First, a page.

Friday :: Oct 30, 2009

A Dignified Transfer


by paradox

I have been waiting and withholding criticism of President Obama for not attending a military funeral on his watch, for once an immutable, implacable call for patience bearing good results. There are many, many things for a President to do, and correctly honoring the dead from our wars is a very careful evolution not to be taken lightly. I, among many others, fiercely criticized President Bush for not giving the occasion more official gravity by only meeting privately with grieving families.

I’m also a fierce believer in living through the experience of a military funeral in ultimately driving home the responsibility of ordering the inevitable deaths of our people. When a President won’t attend a military funeral it gives the appearance of weakness, of not being able to shoulder and accept real military consequences.

Night before last President Obama attended the Dignified Transfer of 18 of our people recently killed in Afghanistan. Video of the evolution can been seen here, text here. Thank you CBS News.

Needless to say I live for the day when these devastatingly tragic nights never happen again, when generations of peace deliver a wisdom and appreciation of our people to the point where it’s unthinkable to have them slaughtered in a faraway place for such tragically elusive goals. Whatever we talked ourselves into the mission of the week is for Afghanistan the price should have been crystal clear many years ago that it was unbearably too high.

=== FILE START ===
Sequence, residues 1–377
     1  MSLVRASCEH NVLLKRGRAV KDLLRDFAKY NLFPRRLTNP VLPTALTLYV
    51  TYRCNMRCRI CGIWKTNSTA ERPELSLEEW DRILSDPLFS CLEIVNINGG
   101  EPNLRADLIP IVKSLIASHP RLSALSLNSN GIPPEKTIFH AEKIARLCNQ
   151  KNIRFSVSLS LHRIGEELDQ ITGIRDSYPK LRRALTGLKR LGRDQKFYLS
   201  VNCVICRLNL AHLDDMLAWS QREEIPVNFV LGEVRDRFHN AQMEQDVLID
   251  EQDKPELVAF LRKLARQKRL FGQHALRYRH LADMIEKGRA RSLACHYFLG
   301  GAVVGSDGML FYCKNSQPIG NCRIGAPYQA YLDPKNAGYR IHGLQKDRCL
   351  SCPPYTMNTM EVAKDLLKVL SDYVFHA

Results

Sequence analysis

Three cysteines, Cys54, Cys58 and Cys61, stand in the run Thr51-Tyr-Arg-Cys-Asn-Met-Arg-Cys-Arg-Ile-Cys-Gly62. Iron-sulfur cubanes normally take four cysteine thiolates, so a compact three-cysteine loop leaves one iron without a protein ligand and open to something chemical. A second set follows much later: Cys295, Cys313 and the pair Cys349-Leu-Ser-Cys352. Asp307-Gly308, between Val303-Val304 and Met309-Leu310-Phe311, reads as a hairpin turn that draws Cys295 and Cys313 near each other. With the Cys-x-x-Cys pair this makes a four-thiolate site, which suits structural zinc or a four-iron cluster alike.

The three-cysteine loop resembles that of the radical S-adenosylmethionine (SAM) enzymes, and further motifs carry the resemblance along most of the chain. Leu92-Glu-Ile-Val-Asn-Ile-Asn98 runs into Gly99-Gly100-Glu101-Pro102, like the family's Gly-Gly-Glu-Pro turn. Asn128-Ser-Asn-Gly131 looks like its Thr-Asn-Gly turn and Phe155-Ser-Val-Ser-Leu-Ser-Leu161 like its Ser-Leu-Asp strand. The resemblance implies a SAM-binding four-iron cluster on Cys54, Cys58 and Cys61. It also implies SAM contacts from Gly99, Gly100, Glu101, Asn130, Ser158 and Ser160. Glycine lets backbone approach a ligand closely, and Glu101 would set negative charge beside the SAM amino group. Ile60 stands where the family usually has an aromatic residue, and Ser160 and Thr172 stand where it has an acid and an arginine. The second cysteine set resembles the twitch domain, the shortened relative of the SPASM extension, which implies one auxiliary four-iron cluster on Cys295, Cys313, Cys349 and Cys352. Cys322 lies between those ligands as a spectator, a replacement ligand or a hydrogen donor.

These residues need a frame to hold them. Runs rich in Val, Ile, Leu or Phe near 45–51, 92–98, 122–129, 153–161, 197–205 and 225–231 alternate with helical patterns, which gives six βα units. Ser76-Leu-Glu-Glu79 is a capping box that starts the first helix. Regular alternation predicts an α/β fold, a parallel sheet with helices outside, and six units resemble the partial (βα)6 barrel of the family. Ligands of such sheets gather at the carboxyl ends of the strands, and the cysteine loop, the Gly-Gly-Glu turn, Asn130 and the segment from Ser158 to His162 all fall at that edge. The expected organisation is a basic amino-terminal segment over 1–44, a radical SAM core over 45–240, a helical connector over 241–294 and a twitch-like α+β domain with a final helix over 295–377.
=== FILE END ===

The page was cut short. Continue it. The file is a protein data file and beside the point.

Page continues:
Will attending a Dignified Transfer like a man and a President drive that point home to our President? I don’t know. In many ways it doesn’t matter, in no way is this about me or what I think or believe in, not freaking hardly.

Thank you, President Obama, for accepting responsibility as a President by attending an official function of our fallen people in war. It wasn’t a funeral but I refuse to see how anyone witnessing it could deny the same results weren't horrifyingly driven home. Indeed, it could have been far worse (if that were somehow possible), for eighteen coffins were inside that C-17. A long, long night for our President, yes.

We shall have to wait and see the effects of this evolution on the war. It was only one very long, bad night for the President, but staying the course in Afghanistan surely means the long, drawn out blade of many, many more. Perhaps then, one day, enough will finally be enough, and the solemn, grave ceremonies at Dover Air Force Base will stop.

paradox :: 7:16 AM :: Comments (6) :: Digg It!